November is National Family Caregivers Month, and AARP has teamed up with the Ad Council in a campaign that includes the results of a new caregiving poll as well as a series of powerful public service ads highlighting the changing roles of family caregivers.

The ads also point caregivers to help from the AARP Caregiving Resource Center, which unveils two new tools this month:

  • an opportunity to tell your own caregiving story and
  • a searchable nationwide directory of senior-care providers that includes consumer reviews and cost information.

The new campaign underscores the fact that while we caregivers feel it’s an honor to care for our loved ones, there is a lot to juggle and it can be a very stressful journey — especially as we head into the holiday season.


So what can caregivers do to feel less stressed during this time of the year? Well, lots of things according to AARP’s Amy Goyer.

  1. Recognize the signs of stress and burnout. As caregivers, we give and give and give, and during the holidays we give even more! All that giving can add up to high stress levels or even full-on burnout that creeps up on you before you know it.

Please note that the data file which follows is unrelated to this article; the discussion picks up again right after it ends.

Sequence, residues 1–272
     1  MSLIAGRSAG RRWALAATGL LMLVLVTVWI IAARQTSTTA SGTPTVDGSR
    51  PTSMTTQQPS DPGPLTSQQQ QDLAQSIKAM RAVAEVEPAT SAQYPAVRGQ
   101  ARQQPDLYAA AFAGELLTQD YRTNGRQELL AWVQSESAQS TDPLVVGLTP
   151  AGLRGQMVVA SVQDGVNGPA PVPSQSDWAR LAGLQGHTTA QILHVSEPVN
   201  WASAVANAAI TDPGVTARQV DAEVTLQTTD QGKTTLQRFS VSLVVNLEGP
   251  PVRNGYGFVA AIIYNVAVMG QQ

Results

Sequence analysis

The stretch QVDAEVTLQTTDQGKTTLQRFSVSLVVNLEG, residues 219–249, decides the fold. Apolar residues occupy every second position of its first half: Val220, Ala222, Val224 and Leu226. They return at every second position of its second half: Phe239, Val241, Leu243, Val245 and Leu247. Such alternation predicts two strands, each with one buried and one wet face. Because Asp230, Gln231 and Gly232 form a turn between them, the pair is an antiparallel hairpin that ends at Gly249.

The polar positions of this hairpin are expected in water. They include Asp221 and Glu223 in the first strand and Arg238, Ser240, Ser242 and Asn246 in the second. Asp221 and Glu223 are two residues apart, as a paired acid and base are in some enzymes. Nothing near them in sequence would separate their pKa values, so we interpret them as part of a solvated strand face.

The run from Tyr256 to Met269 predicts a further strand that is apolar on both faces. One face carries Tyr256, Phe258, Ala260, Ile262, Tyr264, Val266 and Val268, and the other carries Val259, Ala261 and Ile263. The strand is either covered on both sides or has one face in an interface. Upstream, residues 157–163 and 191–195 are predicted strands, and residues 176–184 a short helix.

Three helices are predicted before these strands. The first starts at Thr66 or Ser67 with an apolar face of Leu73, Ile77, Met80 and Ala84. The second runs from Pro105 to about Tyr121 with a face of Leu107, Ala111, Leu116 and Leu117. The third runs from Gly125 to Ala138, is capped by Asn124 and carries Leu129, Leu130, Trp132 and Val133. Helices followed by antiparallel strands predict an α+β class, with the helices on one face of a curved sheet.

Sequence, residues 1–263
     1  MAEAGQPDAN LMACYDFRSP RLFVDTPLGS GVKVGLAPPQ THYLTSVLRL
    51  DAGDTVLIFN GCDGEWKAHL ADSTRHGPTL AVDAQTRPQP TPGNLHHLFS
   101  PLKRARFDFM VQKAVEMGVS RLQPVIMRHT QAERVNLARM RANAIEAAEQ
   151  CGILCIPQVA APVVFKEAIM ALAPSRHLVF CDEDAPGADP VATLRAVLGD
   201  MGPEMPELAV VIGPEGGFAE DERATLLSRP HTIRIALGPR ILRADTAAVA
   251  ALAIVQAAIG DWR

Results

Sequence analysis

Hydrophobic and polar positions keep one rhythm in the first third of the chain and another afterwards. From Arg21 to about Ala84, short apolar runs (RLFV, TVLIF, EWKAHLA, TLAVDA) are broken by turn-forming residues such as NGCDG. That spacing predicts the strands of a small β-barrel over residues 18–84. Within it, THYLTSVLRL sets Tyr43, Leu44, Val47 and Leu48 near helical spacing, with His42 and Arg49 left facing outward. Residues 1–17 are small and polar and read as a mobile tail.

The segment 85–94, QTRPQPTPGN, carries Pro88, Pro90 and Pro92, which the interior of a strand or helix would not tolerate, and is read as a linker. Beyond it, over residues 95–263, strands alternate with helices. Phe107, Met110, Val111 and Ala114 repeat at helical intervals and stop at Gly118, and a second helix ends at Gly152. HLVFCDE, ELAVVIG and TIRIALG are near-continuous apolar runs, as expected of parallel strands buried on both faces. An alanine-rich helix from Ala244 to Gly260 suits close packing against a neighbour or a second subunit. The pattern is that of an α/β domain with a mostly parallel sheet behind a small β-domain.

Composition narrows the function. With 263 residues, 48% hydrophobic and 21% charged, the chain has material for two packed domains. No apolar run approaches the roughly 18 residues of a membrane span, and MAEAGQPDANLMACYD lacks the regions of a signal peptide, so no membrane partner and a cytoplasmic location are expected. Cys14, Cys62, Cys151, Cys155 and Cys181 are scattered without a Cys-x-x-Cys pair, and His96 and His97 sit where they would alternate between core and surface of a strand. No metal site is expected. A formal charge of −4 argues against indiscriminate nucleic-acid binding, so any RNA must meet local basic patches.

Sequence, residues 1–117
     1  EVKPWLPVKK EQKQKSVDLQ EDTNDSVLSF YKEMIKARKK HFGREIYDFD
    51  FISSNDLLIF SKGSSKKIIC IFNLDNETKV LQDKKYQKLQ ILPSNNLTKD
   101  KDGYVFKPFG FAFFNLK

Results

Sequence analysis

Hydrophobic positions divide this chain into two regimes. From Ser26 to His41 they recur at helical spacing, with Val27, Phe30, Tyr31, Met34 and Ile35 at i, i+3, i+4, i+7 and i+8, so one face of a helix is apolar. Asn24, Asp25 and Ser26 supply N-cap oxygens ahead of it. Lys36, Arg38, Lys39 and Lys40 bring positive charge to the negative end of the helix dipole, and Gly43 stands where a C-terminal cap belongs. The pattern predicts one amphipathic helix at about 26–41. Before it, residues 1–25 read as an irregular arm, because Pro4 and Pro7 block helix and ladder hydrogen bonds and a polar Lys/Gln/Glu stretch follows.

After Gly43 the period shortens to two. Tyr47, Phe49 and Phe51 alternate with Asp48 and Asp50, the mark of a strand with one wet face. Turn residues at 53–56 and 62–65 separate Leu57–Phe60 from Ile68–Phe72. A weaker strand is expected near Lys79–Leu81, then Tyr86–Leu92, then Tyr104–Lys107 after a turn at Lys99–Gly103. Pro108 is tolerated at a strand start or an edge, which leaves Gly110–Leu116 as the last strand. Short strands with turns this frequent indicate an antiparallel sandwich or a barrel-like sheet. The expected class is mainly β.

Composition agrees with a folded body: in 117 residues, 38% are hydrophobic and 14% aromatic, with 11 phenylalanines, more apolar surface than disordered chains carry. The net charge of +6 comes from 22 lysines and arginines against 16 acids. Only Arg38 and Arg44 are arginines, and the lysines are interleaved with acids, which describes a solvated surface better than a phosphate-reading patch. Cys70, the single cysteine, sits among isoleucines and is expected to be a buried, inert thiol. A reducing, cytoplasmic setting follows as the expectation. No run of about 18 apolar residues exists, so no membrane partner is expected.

2. Anticipate your own holiday hot buttons. Are there holiday activities or toxic relatives that trigger stress or unhappy memories? Are you feeling grief or loss that overcomes you at certain times of day? Do unhelpful relatives regularly arrive for the holidays and criticize your caregiving? Are there topics it’s better to avoid when the family gathers? It may be best to limit your exposure to — or even avoid — certain places, events or people.
  3. Mind your own mind-set. Acknowledge all your emotions, including fears, frustrations and sadness, during the holidays. All those emotions are perfectly normal. Try to stay mindful, concentrating on what you are doing in any given moment, rather than letting your mind wander to your ever-growing to-do list. Stay focused on the positives: Think about what you can accomplish instead of what you can’t; celebrate what your loved ones can do.
  4. Keep self-care at the top of the list. It’s easy to let this slip when you’re even busier than usual — just when you need it most. Keep it simple and incorporate it into your daily caregiving routine if possible.

For example: Make time for exercise; it can boost your mood. Even something as simple as walking in a shopping mall, dancing to holiday music, or stretching or doing jumping jacks while watching holiday movies can help.


For more AARP tips for caregivers during the holidays, visit AARP.